Consider what it would mean if a substantial portion of Facebook stock were held in a trust that acts on behalf of the platform’s users. (This is a model I’m borrowing from the employee-owned John Lewis Partnership in the United Kingdom, explained in Marjorie Kelly’s extraordinary book Owning Our Future.) Users could then vote on what positions the trust should hold at shareholder meetings, and it could distribute dividends based on the stock’s value back to users, or reinvest them by buying more ownership in the company. The trust, therefore, would have a dual incentive: to protect user interests and privacy in Facebook’s business model, and to ensure that the company remains solvent.
The other suggestion, to sell the stocks and distribute the proceeds to every person alive, is also noteworthy, effectively saying: “Do you really know better what to do with all that money than the collective wisdom of everyone on Earth combined?”
I’m finding that it’s very important to just get up there and talk a little bit, make some dumb jokes, let people get used to you existing. A lot of times I talk about the status of the talk (“this is a new talk and I’ll be glad to hear what you think”).
I’m noticing that this style of presenting is very adaptable; when you’re in a small room you can turn it into a conversation and bring in the audience; when you’re speaking to hundreds of people, and engagement is not possible, you can just keep plowing ahead but it’s still like you’re just having a fun chat instead of holding forth. You can even do a kind of professorial “Oh! Right!” as if the deck was surprising you, and both you and the audience were just seeing this information for the first time together and you were merely riffing.
I highly recommend that you try to find some way to go see Paul give a talk.
While I am in Futaba I am accompanied by a married couple, Mitsuru and Kikuyo Tani (aged 74 and 71), who show me the house from which they were evacuated. They visit it regularly but due to the regulations they can do this a maximum of once a month, and only for a few hours at a time. They take advantage of these opportunities even though they gave up hope of returning permanently a long time ago. They check to see if the roof is leaking and whether the windows have been damaged by the wind or wild animals. If necessary they make some minor repairs. Their main reason for returning however is sentimental and the attachment they feel to this place. A yearning for the place in which they have their origins and spent their entire lives.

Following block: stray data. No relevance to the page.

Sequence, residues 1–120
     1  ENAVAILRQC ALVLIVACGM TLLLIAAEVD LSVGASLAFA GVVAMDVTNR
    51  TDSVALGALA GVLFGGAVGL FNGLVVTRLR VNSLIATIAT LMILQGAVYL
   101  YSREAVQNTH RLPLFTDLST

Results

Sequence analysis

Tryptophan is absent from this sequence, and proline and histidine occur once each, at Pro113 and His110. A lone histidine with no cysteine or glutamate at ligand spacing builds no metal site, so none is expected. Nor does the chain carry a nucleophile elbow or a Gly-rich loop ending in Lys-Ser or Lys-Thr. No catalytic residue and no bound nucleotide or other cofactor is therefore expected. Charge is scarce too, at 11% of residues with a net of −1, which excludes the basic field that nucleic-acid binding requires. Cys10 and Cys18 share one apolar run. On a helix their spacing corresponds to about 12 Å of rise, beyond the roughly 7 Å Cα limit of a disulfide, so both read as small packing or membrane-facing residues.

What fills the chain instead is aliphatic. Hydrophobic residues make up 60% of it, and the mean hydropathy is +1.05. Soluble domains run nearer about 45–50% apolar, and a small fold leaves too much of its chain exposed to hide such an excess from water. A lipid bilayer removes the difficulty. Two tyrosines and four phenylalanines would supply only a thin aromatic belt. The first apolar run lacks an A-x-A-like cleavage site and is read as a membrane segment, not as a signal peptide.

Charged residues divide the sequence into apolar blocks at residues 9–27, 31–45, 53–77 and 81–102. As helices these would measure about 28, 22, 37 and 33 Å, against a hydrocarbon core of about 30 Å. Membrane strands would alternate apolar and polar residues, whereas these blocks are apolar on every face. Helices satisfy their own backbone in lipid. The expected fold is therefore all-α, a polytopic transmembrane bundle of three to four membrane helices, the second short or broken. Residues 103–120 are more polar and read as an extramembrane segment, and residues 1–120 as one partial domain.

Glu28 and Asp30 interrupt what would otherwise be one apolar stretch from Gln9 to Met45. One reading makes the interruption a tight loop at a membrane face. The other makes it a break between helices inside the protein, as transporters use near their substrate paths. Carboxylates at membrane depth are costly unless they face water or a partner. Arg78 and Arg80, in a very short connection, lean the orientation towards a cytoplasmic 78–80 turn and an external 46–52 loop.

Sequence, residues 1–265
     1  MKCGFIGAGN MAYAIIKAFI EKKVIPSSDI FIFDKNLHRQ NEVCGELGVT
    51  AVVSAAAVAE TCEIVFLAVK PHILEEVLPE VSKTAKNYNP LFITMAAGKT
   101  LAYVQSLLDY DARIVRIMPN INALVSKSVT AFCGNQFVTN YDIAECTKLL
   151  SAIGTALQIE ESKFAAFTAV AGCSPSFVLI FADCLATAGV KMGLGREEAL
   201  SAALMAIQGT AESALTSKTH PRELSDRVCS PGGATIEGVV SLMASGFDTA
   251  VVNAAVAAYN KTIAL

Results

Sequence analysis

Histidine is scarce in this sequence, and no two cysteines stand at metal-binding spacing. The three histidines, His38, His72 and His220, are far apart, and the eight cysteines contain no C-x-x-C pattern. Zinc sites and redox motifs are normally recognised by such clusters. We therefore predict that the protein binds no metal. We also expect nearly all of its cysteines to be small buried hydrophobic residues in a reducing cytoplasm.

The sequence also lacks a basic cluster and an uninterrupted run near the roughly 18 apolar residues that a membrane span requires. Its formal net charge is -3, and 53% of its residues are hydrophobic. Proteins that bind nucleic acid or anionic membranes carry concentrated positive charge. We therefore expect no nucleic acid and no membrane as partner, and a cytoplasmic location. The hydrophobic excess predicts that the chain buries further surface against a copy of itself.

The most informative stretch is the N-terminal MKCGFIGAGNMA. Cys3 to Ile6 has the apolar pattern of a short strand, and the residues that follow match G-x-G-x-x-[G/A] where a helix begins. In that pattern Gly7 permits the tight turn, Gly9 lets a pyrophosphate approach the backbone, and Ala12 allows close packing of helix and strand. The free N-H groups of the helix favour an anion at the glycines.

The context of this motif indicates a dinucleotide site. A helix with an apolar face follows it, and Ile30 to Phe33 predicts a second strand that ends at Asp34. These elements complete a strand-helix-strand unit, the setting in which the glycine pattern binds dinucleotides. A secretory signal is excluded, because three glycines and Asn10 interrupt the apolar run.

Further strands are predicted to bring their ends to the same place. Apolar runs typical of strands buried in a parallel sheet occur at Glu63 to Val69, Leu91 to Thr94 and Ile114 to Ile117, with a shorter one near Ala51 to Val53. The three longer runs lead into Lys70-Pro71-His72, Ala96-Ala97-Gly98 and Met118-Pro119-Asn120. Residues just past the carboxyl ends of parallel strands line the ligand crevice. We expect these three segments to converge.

The typeface includes all Latin characters and accents, common Cyrillic characters, and syllabic and diacritical elements contained in Canada’s Aboriginal languages. The typeface is provided in two weights: light and regular.
A comprehensive list of all of Adam Curtis’s documentaries, conveniently linked in one long list. There are a few I didn’t realize I hadn’t seen. I’ve heard that some of the videos include advertising breaks, so you may want to seek out alternate versions for those ones.
The premise driving the people writing encryption software is not exactly that we’re giving people new rights or taking some away: it’s the hope that we can enforce existing rights using algorithms that guarantee your ability to free speech, to a reasonable expectation of privacy in your daily life. When you make a credit card payment or log into Facebook, you’re using the same fundamental encryption that, in another continent, an activist could be using to organize a protest against a failed regime.
In a way, we’re implementing a fundamental technological advancement not dissimilar from the invention of cars or airplanes. Ford and Toyota build automobiles so that the entire world can have access to faster transportation and a better quality of life. If a terrorist is suspected of using a Toyota as a car bomb, it’s not reasonable to expect Toyota to start screening who it sells cars to, or to stop selling cars altogether.
I don’t usually follow this sort of equipment connoisseurism, but I enjoyed reading about ethnographer Christina Xu’s international phone setup.
Having two phones went out of style in China a few years ago because most phones for the Chinese market can use (at least) 2 SIM cards simultaneously, but no such luck the Galaxy S6 I got in the US. There’s no way I’m giving up my T-Mobile SIM card, either: my plan comes with unlimited free data while roaming internationally, and while it’s not terribly fast, it’s a real lifesaver in China. You see, the Great Firewall is designed to limit access to information for locals, not foreigners, so it doesn’t even bother blocking mobile data if you’re roaming. This means that—wonder of wonders!!—I have slow but steady, constant access to Instagram, Twitter, and all of the Google services I use regularly.
But at the same time, having a local Chinese number is indispensable, not least because many local mobile and web services require one for verification purposes. And the Great Firewall goes in both directions: Chinese apps run incredibly slowly outside of it. My solution was to get a second phone in China that I could use just for phone calls and Chinese apps, and I ended up with the Oppo, a low-end Android smartphone designed for the Chinese and Indian market.